“When I see visitors, they are very moved by the experience of going through the museum,” said Samis, a member of Congregation B’nai Amoona. “Some people are moved to tears. It’s a moving experience for people and it brings it to a much more personal level, even for those who have been to other Holocaust museums, because it’s told through the stories of St. Louis people, so it’s very personal for people and I think that has an effect on them. I recommend for visitors to have time to devote to experiencing it. The longer you give yourself, the more you’ll get out of it.”

Making an impact

One of the museum’s newer distinctive features is the Impact Lab, which opened in April. This section is separate from the permanent exhibition and provides a valuable experience. It uses the Holocaust as a case study to generate conversations about rejecting hatred and promoting understanding. The Impact Lab is interactive and staffed by volunteers who have special training to guide those conversations.

The lab is an ideal venue for any organization focused on diversity, equity and inclusion. Like the entire museum, it can help educators of grade 5 through 12 students generate important conversations about tolerance and inspiring change. The lab leads visitors through a program that explores the “spiral of hate” where stereotyping leads to prejudice, then discrimination, violence and ultimately genocide.

Explore St. Louis, the organization that markets St. Louis as a travel destination, was one recent visitor to the lab. Another was a group invited by Rev. Rodrick Burton, a museum board member and senior pastor of the New Northside Missionary Baptist Church.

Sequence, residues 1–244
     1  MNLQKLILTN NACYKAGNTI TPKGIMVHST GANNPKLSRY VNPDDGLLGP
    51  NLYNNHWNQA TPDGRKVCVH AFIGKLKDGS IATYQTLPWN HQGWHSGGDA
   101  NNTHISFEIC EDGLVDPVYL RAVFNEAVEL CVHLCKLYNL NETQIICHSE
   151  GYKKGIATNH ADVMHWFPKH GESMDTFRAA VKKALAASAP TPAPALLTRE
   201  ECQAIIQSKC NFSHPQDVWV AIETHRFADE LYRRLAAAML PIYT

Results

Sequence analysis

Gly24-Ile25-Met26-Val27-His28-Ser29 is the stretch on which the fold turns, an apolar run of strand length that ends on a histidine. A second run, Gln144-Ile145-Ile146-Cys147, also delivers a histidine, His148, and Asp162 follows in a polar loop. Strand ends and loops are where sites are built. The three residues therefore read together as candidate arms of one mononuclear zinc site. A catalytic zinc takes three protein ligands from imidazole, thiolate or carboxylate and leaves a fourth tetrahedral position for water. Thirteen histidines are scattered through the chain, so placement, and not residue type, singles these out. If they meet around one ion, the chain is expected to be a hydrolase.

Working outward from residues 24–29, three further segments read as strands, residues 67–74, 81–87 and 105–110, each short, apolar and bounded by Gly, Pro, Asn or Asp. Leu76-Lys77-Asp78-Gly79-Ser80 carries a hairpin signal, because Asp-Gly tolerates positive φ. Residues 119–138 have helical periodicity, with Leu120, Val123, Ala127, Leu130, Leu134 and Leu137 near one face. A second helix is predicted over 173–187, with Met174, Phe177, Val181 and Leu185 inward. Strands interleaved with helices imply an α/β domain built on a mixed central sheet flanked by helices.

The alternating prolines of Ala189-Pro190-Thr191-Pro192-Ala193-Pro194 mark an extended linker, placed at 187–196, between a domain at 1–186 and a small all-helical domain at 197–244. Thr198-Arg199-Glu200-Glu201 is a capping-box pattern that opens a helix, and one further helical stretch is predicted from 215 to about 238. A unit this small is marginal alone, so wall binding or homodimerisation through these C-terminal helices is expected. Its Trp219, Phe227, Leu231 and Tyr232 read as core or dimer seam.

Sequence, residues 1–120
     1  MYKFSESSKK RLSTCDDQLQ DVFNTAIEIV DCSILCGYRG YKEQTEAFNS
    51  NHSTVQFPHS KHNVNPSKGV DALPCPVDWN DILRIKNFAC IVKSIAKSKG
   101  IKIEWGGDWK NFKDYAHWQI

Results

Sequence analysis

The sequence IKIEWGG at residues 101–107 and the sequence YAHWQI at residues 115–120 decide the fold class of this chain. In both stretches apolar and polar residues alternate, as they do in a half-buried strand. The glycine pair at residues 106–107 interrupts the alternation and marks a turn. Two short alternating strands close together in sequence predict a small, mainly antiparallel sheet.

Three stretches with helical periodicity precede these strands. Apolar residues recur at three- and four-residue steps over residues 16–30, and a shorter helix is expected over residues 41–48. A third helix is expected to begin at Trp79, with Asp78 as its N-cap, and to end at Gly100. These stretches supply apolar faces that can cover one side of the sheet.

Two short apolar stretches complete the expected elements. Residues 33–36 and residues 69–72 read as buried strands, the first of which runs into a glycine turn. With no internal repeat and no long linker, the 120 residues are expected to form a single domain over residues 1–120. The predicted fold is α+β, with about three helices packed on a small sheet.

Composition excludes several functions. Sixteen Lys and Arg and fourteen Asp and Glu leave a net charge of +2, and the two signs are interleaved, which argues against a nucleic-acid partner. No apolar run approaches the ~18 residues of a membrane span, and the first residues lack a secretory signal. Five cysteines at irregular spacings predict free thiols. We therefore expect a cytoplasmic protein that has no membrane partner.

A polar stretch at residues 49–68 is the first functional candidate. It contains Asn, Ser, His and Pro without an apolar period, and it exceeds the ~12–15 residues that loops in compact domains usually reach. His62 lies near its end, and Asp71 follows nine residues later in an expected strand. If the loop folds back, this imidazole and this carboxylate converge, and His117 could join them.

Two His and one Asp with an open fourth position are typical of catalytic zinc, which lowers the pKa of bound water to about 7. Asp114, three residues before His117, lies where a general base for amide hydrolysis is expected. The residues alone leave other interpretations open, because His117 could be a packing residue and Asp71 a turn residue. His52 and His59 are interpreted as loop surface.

“As African Americans, we usually view issues in a myopic way with our own experiences,” Burton said. “I wanted our younger people to know what happened to the Jewish community and others. The Impact Lab is a good doorway to the history of the Holocaust. The great thing about the lab is it offers ways of thinking about how you can intervene. The interactive nature of the impact lab is what young people really need and will respond to.”

The St. Louis Kaplan Feldman Holocaust Museum holds weekly Impact Lab sessions on Saturdays at 2 p.m. Reservations can be made at stlholocaustmuseum.org. 

| RELATED: Who is Carl Lutz, namesake of Holocaust Museum’s new humanitarian award?

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About the Contributor
Bill Motchan, writer/photographer
Bill worked in corporate communications for AT&T for 28 years. He is a former columnist for St. Louis Magazine. Bill has been a contributing writer for the Jewish Light since 2015 and is a three-time winner of the Rockower Award for excellence in Jewish Journalism. He also is a staff writer for the travel magazine Show-Me Missouri. Bill grew up in University City. He now lives in Olivette with his wife and cat, Hobbes. He is an avid golfer and a fan of live music. He has attended the New Orleans Jazzfest 10 times and he has seen Jimmy Buffett in concert more t han 30 times between 1985 and 2023.